What is Angina Pectoris?
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The term Angina Pectoris is the medical term for chest pain that involves the heart and surrounding structures. This type of chest pain is cardiac (heart) in nature and a signal that there may be a cardiac (heart) problem. (See Figure 1)
Figure 1: Angina Pectoris
Courtesy of HeartOnline.org
Angina is a sign that the heart muscle is not getting enough blood and oxygen. This is seen in people with heart disease, blocked arteries and veins and people with chronic disease that damage the blood vessels. It is a pain that should never be ignored and physicians can rule out of the pain is truly cardiac related or if there is another cause. Some other reasons for chest pain are; heartburn/reflux, lung disease and pulled muscles in the chest.
There are two types of Angina; Stable Angina and Un-stable Angina. The differences are outlined below:
- Stable Angina – This type occurs with stress, physical activity or hard work. It is relieved by rest or medication.
- Un-stable Angina – This type occurs with activity and at rest. It is not easily relieved by rest and medication. Could be a sign of an impending heart attack.
This condition is most common in middle aged men, women and children that have congenital heart disease. It is important to understand that women tend to experience angina differently than men and should understand the differences noted in the symptoms section below.
What are the Causes of Angina Pectoris?
The heart needs blood filled with oxygen, nutrients and electrolytes to function properly. If any of these are diminished or completely cut-off the heart muscle sends out a pain signal to let you know something is wrong. Angina Pectoris does not necessarily mean a “heart attack,” but it does signal that the blood vessels are beginning to narrow. (See Figure 2)
Figure 2: Blockage in the Arteries to the Heart
Courtesy of Health Central.com
The heart is surrounded by tiny blood vessels called “capillaries,” these feed the actual heart muscle. They are usually the first to become clogged with plaque due to high cholesterol and/or high blood sugar. Then factor in; aging, hardening of the arteries, smoking (causes constriction) and poor health habits, which all cause the heart to lose oxygen.
People will most often notice angina when they are doing activities that increase the heart rate and make it work harder. These include; exercise, walking, climbing stairs, sexual intercourse, Periods of high stress and heavy housework. This is because the harder the heart has to work, the more oxygen it needs. This cannot happen if the blood vessels are narrowed.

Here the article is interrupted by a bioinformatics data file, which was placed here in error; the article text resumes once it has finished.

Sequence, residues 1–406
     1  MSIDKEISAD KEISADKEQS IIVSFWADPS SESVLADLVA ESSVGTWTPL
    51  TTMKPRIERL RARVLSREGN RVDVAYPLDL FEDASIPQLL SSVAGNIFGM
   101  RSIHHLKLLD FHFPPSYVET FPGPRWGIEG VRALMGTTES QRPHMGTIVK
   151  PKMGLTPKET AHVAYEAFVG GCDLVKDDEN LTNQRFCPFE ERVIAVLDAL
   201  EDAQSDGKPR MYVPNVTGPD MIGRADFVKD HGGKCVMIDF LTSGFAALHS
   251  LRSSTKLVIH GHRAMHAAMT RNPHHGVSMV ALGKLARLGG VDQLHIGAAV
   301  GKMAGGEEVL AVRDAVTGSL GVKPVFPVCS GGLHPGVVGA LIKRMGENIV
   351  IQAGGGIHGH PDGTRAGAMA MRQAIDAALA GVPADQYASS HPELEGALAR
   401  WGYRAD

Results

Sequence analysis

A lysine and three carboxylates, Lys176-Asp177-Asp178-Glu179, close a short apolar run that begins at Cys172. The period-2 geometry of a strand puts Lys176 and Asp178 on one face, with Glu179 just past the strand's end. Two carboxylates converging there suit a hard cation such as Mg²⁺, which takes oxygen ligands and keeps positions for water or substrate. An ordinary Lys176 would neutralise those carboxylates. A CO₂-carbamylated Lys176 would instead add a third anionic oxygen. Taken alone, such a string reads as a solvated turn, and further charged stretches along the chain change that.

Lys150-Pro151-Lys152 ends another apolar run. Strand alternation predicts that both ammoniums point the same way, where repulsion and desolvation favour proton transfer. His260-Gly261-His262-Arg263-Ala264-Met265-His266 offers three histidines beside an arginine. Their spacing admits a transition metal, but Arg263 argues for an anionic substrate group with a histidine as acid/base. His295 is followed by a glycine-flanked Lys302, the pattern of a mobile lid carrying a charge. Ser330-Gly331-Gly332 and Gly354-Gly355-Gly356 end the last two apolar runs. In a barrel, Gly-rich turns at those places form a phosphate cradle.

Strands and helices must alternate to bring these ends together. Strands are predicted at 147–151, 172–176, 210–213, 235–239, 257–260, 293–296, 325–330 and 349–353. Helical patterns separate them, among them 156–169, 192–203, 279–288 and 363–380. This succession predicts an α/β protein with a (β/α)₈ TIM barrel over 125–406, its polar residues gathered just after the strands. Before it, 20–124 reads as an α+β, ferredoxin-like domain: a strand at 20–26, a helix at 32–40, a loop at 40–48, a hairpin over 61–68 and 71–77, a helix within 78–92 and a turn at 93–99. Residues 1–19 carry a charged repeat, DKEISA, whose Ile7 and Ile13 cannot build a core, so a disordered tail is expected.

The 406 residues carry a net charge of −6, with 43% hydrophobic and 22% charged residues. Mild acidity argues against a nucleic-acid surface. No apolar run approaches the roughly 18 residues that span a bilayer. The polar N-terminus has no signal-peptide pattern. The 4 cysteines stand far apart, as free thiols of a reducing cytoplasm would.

Symptoms of Angina
The classic symptom of angina is chest pain. There are other associated symptoms that need attention and evaluation by a doctor along with the chest pain. These include:
- Feeling of impending doom or anxiety attacks
- Shortness of Breath
- Profuse Sweating
- Nausea and/or Vomiting with abdominal pain (May be the only symptom in women)
Some of the telltale signs that a person is experiencing angina pectoris are a squeezing feeling in the chest along with pain that radiates up the jaw bone or down an arm. The first time a person experiences any of these signs and symptoms, they should seek emergency medical attention right away for evaluation. If the symptoms are cardiac in nature, the doctor will give instructions or medications to help alleviate the symptoms. The doctor will also explain what to do if the symptoms persist or get worse.
What is the treatment for Angina Pectoris?
The treatments for angina fit into a few different categories. People with unstable angina are usually referred for a procedure that opens the blood vessels back up. This is called coronary stenting. If angina is stable, medications along with lifestyle changes can help to control the condition. Let’s take a look at the different categories for treatment:
Medications used for Angina
- Nitroglycerin – This medication is a nitrate that quickly opens up blood vessels and allows needed blood to flow into the heart.
- Aspirin – Aspirin thins the blood and prevents clotting. It helps with blood flow and helps to prevent heart attacks.
- Blood-Pressure Medications – Calcium channel blockers, beta-blockers and ACE inhibitors all help to relax the vessels lowering blood pressure and increasing blood flow to needed areas.
- Statins – These are medications that lower cholesterol and prevent blood vessels from being clogged.
Procedures used for Angina
- Stent Placement – This procedure is done on an outpatient basis. The patient is admitted to the hospital for the day and taken to a cardiac catheterization lab. Once prepped, the doctor inserts a catheter into the groin artery. Dye is injected into the arteries to find any areas that are narrowed or blocked. A balloon is placed through the catheter into any areas of blockage and then inflated. This is known as angioplasty. Problem areas get a wire stent placed to continue to hold the blood vessel open after the balloon is deflated. (See Figure 3)
Figure 3: Picture of Angioplasty
Courtesy of Nature.com
- CABG (Coronary Artery Bypass Grafting) – For cases of severe blockage and chronic unstable angina, the patient may be referred to a cardiac surgeon for bypass grafting. This procedure is open heart surgery where one or more blood vessels are replaced by grafting from somewhere else in the body.
- Dietary Changes
- Quitting Smoking
- Quitting Alcohol Use
- Weight Loss if needed
- Stress Management
- Treat Diabetes, High Cholesterol, High Blood Pressure
- Support Groups
Patients with chest pain can live normal healthy lives with certain modifications. Angina Pectoris is a condition that can be managed with medications and lifestyle changes. It is important to seek medical treatment right away if the symptoms are severe. Chest pain is not always cardiac (heart) related, but only a physician can properly diagnose the symptoms.